EGU2020-8648
https://doi.org/10.5194/egusphere-egu2020-8648
EGU General Assembly 2020
© Author(s) 2020. This work is distributed under
the Creative Commons Attribution 4.0 License.

Image-based model quantification of pore-scale nitrogen diffusion and potential microbial ‘dead zones’ induced by fertilization application

Siul Ruiz1, Daniel McKay Fletcher1, Andrea Boghi1,3, Katherine Williams1, Simon Duncan1, Callum Scotson1, Chiara Petroselli1, Tiago Dias1, Dave Chadwick2, David Jones2, and Tiina Roose1
Siul Ruiz et al.
  • 1University of Southampton, Faculty of Engineering and Physical Science, Mechanical Engineering, United Kingdom of Great Britain and Northern Ireland (sar1f18@soton.ac.uk)
  • 2Bangor University, School of Natural Sciences, , Bangor LL57 2UW, UK
  • 3Computational Science Ltd, 30a Bedford Place, Southampton SO15 2DG, UK

Soil microbial communities contribute many ecosystem services including soil structure maintenance, crop synergy, and carbon sequestration. However, it is not fully understood how the health of microbial communities is effected by fertilization at the pore scale. This study investigates the nature of nitrogen (N) transport and reactions at the soil pore scale in order to better understand the influence of soil structure and moisture content on microbial community health. Using X-ray Computed Tomography (XRCT) scans, we reconstructed a microscale description of a dry soil-pore geometry as a computational mesh. Solving two-phase water/air models produced pore-scale water distributions at 15, 30 and 70% water-filled pore volume. The model considers ammonium (NH4+), nitrate (NO3-) and dissolved organic N (DON), and includes N immobilization, ammonification and nitrification processes, as well as diffusion in soil-solution. We simulated the dissolution of a fertilizer pellet and a pore scale N cycle at the three different water saturation conditions. To aid interpretation of the model results, microbial activity at a range of N concentrations was quantified experimentally using labelled C to infer microbial activity based on CO2 respiration measurements in bulk soil. The pore-scale model showed that the diffusion and concentration of N in water films is critically dependent upon soil moisture and N species. We predicted that the maximum NH4+ and NO3- concentrations in soil solution around the pellet under low water saturation conditions (15%) are in the order of 1x103 and 1x104 mol m-3 respectively (1-10 M), and under higher water saturation conditions (70%) where on the order of 2x102 and 1x103 mol m-3, respectively (0.1-1 M). Supporting experimental evidence regarding microbial respiration suggests that these concentrations at the pore-scale would be sufficient to reduce microbial activity in the zone immediately around the fertilizer pellet (ranging from 0.9 to 3.8 mm depending on soil moisture status), causing a major loss of soil biological activity by up to 90%. This model demonstrates the importance of pore-scale processes in regulating N movement in soil with special capability to predict the effects of fertilizers on rhizosphere-scale processes and the root microbiome.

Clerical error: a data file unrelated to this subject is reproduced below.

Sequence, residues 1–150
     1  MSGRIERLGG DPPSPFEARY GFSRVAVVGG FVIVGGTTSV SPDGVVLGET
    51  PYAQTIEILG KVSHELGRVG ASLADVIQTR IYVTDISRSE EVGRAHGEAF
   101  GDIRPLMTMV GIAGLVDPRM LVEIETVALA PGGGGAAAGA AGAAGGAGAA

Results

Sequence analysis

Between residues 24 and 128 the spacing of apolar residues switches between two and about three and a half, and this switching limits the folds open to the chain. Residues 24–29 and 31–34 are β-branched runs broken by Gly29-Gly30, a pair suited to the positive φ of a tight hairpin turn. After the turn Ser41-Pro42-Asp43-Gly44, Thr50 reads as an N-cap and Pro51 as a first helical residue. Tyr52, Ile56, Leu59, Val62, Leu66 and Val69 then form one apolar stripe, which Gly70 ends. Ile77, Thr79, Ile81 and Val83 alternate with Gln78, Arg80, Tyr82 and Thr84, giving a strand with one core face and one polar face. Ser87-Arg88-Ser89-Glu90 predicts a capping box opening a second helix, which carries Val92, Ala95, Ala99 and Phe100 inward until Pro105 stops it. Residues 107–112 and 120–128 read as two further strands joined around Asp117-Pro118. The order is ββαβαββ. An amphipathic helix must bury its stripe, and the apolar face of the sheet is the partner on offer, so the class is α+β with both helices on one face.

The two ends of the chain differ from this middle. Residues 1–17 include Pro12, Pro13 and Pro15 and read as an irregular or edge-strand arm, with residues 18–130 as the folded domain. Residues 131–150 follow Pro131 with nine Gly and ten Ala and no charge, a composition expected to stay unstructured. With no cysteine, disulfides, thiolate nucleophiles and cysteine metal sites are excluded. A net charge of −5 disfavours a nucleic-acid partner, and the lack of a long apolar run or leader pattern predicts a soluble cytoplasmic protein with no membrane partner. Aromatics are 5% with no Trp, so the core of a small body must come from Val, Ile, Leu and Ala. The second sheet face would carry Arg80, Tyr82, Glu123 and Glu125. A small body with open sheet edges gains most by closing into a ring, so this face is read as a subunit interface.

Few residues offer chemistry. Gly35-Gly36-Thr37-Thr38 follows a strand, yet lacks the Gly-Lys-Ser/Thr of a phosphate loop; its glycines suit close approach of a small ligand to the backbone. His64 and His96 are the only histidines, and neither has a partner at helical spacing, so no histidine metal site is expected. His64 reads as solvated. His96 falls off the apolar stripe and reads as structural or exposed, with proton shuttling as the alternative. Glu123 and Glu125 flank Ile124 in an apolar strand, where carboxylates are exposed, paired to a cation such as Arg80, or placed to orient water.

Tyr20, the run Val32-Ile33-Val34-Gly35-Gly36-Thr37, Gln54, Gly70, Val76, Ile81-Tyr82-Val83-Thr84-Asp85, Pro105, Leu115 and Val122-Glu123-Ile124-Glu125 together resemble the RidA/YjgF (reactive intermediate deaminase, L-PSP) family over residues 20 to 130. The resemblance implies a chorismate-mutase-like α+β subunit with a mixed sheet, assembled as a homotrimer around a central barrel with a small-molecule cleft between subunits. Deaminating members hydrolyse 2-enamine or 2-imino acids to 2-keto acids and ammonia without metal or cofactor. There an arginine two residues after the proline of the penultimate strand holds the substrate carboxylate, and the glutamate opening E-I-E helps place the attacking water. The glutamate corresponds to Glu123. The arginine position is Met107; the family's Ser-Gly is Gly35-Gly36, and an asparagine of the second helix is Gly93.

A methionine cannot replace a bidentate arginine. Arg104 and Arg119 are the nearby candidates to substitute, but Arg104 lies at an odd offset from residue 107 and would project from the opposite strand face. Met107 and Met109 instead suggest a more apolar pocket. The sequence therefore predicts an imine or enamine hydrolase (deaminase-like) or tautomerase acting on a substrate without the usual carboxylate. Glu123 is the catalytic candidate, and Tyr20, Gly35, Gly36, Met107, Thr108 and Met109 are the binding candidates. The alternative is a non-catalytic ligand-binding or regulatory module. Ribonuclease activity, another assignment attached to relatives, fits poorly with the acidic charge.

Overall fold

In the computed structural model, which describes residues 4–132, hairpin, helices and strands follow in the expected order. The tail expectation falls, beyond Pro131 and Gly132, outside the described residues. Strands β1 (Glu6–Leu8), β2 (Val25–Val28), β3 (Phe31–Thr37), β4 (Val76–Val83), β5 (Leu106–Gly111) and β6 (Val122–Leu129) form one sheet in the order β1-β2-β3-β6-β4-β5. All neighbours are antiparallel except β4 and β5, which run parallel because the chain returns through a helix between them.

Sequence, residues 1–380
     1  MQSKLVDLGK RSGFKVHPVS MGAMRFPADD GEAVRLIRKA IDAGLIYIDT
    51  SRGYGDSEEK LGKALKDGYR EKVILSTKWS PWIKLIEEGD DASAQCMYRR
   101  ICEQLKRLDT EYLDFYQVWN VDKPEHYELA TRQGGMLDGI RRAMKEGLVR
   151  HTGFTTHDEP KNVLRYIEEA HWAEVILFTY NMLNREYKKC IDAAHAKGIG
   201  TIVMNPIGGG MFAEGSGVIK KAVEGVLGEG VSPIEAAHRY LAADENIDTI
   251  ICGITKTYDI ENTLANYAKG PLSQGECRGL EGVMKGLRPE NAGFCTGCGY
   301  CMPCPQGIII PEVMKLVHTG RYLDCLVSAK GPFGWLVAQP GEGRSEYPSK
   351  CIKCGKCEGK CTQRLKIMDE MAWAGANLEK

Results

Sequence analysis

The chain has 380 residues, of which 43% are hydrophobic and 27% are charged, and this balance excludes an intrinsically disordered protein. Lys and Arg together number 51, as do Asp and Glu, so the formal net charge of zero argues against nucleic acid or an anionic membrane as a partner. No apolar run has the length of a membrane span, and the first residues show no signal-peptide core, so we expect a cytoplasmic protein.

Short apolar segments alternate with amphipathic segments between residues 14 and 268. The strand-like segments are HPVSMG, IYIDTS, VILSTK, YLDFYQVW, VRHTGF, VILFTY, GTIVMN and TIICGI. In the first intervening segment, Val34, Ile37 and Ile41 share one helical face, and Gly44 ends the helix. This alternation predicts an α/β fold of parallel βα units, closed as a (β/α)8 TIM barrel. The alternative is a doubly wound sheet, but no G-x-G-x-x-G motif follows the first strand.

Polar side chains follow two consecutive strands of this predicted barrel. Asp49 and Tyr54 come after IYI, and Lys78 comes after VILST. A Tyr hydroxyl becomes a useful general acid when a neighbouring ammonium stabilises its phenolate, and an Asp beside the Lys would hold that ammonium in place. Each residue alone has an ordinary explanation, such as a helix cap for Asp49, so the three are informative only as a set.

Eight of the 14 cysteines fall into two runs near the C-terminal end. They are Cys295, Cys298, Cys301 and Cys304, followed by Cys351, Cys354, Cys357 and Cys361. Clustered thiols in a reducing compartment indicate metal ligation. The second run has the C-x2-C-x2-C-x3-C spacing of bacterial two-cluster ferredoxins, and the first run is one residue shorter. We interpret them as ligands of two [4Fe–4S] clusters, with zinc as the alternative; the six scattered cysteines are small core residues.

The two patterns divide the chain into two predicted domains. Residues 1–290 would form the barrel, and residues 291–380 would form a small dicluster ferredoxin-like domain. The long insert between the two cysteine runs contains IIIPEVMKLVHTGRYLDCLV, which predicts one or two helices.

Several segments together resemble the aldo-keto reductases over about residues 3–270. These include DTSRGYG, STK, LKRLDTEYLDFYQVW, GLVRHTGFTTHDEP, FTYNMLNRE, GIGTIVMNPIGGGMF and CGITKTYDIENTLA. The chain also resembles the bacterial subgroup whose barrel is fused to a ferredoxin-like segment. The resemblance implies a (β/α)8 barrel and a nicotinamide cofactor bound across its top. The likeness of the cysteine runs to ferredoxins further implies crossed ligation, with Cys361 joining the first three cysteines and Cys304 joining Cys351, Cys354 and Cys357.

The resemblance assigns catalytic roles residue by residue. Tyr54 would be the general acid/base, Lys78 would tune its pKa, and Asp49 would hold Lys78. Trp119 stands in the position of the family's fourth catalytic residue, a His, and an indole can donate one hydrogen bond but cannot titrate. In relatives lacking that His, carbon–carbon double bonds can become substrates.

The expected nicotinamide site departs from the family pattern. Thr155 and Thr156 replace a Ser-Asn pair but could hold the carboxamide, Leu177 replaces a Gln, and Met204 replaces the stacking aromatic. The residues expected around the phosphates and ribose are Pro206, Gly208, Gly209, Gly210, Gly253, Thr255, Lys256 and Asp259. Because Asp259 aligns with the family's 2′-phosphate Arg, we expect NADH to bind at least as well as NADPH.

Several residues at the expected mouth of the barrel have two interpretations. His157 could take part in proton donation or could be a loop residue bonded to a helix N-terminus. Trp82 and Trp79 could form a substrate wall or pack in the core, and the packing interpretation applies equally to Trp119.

How to cite: Ruiz, S., McKay Fletcher, D., Boghi, A., Williams, K., Duncan, S., Scotson, C., Petroselli, C., Dias, T., Chadwick, D., Jones, D., and Roose, T.: Image-based model quantification of pore-scale nitrogen diffusion and potential microbial ‘dead zones’ induced by fertilization application , EGU General Assembly 2020, Online, 4–8 May 2020, EGU2020-8648, https://doi.org/10.5194/egusphere-egu2020-8648, 2020